The biaxially oriented PET thin-film shortage of 2010 has turned into the glut of 2011 — thanks in part to 29 judges in New Delhi and a concoction called gutka.
A December decision by the Supreme Court of India upheld a ban on the sale of gutka in plastic pouches. Gutka is a popular stimulant consisting of crushed betel nut, chewing tobacco and other flavorings. The ban left Indian film producers with as much as 220 million pounds of inventory sitting in their warehouses.
“Roughly a third of the Indian market disappeared overnight,” Simon King, managing director of PCI Films Consulting Ltd. of Guilsborough, England, said in a July 19 telephone interview.
While Indian film manufacturers are trying to circumvent the ban by appealing to domestic tobacco companies to sell the product in pouches larger than the sachets covered by the law, plastics firms found a short-term solution in offering excess PET film to the world marketplace at low cost, he said.
King characterized the Indians' business acumen as “brilliant,” but the global auctions hurt margins up and down the U.S. film supply chain, said John Felinski, president and CEO of Filmquest Group Inc. The Indians' actions were “very irresponsible,” he said.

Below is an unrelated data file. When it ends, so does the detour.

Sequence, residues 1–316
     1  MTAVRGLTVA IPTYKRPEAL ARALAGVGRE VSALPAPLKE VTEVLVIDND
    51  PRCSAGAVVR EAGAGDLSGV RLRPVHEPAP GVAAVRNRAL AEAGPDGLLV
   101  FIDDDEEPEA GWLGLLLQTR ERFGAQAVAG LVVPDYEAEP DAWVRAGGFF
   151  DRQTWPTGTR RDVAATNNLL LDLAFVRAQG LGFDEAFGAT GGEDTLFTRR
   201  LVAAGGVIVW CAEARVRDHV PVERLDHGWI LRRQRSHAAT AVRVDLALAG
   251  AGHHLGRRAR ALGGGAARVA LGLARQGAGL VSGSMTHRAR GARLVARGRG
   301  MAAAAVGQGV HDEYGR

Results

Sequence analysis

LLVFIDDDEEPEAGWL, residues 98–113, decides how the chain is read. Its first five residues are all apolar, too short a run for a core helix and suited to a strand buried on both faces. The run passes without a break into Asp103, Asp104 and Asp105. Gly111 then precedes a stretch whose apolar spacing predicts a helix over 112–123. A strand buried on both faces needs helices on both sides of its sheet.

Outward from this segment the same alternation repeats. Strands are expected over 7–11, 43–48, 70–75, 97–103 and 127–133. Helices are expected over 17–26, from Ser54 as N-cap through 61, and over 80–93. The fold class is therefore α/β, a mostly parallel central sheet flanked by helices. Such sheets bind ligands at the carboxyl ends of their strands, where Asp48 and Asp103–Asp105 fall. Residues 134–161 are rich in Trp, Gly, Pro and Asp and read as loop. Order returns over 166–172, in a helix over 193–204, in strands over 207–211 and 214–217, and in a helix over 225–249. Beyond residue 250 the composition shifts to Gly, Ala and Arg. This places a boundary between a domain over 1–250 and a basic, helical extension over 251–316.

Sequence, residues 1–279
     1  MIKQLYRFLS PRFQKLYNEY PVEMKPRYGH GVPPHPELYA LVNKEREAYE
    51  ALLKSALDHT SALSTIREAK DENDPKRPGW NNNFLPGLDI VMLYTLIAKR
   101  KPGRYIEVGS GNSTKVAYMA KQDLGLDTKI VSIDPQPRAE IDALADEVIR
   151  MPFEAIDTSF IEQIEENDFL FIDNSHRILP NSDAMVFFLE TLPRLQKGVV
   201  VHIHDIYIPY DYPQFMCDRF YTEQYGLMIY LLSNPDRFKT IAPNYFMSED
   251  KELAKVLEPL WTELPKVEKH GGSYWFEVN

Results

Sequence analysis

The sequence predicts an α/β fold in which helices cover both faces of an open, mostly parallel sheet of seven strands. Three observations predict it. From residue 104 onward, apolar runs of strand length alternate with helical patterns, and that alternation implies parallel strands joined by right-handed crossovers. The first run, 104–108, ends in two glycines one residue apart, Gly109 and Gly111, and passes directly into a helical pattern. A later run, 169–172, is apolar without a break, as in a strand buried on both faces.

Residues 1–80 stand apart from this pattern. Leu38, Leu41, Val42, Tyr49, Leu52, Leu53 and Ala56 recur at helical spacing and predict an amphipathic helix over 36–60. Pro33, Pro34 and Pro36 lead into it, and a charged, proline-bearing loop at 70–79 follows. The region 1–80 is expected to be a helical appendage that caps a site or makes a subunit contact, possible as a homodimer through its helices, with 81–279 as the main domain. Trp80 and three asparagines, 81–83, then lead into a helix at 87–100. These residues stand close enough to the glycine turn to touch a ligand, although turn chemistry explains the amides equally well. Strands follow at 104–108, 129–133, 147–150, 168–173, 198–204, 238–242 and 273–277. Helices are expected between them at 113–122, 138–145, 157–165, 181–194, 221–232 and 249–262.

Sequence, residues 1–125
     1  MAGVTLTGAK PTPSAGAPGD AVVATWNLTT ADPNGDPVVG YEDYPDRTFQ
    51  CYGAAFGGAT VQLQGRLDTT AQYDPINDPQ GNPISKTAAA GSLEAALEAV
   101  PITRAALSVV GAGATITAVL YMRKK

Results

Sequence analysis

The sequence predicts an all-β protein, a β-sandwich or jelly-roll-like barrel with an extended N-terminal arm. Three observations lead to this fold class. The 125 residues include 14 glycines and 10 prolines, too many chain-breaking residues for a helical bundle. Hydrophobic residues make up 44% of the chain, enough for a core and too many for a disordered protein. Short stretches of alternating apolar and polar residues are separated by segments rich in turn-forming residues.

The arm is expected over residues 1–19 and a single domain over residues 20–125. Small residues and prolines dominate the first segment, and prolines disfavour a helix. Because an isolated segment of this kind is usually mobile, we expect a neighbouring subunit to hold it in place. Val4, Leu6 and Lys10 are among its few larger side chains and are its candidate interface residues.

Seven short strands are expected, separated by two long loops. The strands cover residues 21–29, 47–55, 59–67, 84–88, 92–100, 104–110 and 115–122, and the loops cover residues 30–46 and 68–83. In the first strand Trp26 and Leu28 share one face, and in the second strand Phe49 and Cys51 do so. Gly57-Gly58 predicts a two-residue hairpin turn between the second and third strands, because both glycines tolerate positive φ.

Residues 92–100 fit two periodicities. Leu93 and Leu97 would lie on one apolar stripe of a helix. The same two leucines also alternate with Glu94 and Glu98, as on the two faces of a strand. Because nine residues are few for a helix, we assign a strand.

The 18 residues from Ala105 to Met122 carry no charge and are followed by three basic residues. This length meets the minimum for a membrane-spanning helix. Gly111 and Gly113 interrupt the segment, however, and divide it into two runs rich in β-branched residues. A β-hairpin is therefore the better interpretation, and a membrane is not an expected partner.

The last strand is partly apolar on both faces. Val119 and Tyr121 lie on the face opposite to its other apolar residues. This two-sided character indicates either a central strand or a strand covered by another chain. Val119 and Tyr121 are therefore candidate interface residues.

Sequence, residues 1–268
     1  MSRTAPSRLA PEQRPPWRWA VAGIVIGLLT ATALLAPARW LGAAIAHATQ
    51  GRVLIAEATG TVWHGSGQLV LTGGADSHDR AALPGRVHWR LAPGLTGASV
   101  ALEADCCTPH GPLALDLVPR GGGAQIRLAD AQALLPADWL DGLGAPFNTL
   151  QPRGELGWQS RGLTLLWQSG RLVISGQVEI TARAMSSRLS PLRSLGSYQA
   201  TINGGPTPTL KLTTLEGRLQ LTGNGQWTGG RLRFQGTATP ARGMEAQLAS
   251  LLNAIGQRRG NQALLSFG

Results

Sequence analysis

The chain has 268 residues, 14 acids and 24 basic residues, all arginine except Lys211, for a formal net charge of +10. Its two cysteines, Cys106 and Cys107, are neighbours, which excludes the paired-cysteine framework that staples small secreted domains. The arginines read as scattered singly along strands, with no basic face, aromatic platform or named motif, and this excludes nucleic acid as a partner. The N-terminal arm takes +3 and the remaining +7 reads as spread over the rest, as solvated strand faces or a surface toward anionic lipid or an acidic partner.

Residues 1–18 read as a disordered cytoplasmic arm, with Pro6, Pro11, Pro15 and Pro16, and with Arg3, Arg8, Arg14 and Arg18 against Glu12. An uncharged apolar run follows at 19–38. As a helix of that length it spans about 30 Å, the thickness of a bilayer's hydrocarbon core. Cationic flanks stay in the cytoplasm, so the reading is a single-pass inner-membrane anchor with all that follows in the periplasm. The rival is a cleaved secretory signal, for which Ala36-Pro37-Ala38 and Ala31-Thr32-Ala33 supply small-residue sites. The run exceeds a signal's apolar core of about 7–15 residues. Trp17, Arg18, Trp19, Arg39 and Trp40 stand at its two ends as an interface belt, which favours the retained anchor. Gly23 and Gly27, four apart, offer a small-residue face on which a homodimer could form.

“It's been a very devastating situation to anyone, financially, involved in the distribution of thin-gauge polyester film,” he said.
Felinski, whose Bolingbrook, Ill.-based firm supplies Questar-brand PET film, said “panic buying” of packaging-grade film in the summer and fall of 2010 occurred because buyers were caught short when thin-film capacity in the states was cut back in favor of thicker films, such as those used in LED lighting, photovoltaic cells and liquid-crystal-display screens, all high-value-added applications.